What vegetables can I plant in August? It seems like such a short time ago that I was asking that question about July. Yet, here we are. Do you still want to plant veggies for an fall vegetable harvest? Or or maybe you want a winter vegetable harvest or even an early spring vegetable harvest. It’s not too late, there are still some thing that you can plant, even cover crops like this gorgeous crimson clover.
Previously I suggested looking up exact planting date information about from your local Cooperative Extension due to the fact that planting dates can be different for different climates. The same is still true, although now we are going to find mostly cool weather crops are the only ones you can plant.
In my area I’m finding that vegetables ones that I can plant in the Willamette Valley Oregon in August are:
Cover crops, kale, Brussels sprouts, turnips, parsnips, parsley, peas, cabbage, broccoli, kohlrabi, leaf lettuce, onions, mustard, fava beans, endive. I could even try some others if I wanted to build a cold frame. (I would love to have one.)
I don’t plan on starting anything now, but don’t let that stop you. I do, however, plan to plant some crimson clover as a cover crop. It is so pretty when it blooms, and it is nitrogen fixing, too. And I might consider some onions.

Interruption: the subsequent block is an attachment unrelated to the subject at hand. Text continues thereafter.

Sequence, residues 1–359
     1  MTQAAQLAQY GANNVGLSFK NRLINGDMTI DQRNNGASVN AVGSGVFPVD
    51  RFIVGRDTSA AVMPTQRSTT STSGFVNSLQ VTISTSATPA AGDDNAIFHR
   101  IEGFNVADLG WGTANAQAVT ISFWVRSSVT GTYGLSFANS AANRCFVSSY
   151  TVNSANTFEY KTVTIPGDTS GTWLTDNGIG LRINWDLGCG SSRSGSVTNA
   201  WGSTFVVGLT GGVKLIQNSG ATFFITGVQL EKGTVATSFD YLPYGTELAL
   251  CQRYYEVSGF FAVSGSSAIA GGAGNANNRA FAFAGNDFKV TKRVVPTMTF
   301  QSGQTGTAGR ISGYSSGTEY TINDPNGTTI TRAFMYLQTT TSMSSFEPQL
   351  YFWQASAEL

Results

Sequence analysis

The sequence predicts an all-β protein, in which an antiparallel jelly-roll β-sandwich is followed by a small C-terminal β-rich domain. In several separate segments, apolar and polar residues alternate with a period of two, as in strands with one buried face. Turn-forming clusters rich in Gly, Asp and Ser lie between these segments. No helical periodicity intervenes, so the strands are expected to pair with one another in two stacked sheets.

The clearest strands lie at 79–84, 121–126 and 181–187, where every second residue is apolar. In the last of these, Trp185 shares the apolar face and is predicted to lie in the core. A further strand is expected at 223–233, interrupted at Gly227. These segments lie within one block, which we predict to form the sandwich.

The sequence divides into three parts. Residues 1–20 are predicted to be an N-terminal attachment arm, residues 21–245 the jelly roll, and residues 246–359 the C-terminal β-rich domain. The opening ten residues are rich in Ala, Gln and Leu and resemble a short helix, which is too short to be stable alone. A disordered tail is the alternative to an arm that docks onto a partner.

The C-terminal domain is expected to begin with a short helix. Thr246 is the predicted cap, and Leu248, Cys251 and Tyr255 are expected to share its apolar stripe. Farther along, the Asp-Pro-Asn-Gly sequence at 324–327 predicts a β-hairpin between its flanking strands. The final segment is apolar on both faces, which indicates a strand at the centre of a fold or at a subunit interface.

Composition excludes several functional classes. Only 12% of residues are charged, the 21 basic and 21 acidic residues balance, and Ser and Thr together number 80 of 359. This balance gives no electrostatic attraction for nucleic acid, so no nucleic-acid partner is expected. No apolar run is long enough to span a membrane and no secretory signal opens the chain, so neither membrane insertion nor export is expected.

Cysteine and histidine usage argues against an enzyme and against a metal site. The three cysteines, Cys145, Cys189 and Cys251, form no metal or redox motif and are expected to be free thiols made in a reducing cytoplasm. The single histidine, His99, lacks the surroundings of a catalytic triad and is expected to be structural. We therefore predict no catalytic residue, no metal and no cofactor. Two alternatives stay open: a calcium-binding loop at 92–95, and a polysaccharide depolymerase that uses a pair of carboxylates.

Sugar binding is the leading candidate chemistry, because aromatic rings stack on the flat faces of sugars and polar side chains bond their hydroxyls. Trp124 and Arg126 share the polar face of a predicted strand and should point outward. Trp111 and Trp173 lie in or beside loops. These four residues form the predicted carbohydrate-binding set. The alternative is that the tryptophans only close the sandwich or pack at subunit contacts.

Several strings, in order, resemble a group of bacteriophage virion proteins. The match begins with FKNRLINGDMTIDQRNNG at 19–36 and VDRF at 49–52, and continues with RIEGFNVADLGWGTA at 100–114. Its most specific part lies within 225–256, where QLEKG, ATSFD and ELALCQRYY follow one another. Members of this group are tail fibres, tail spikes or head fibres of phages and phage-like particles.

Now, just to update you on the vegetables I planted in July. The beans are a foot and a half tall. The cucumbers were taken in one night by slugs (except for two lonely plants). And the carrots are coming along nicely. I had not planned to plant any lettuce, but a packet of arugula called to me, so I scattered the seeds in the container that had contained some spent lettuce. Well, the arugula did not get toasted in the July sun, and the lettuce actually came back to life and is growing like gang busters. Lucky me.
Well, that’s it. These are vegetables I can plant in August in my home garden, if I want to, in my Zone 8 Willamette Valley Oregon garden. This is the general type of things that you can plant, but for more exact information, be sure to check with your local Cooperative Extension.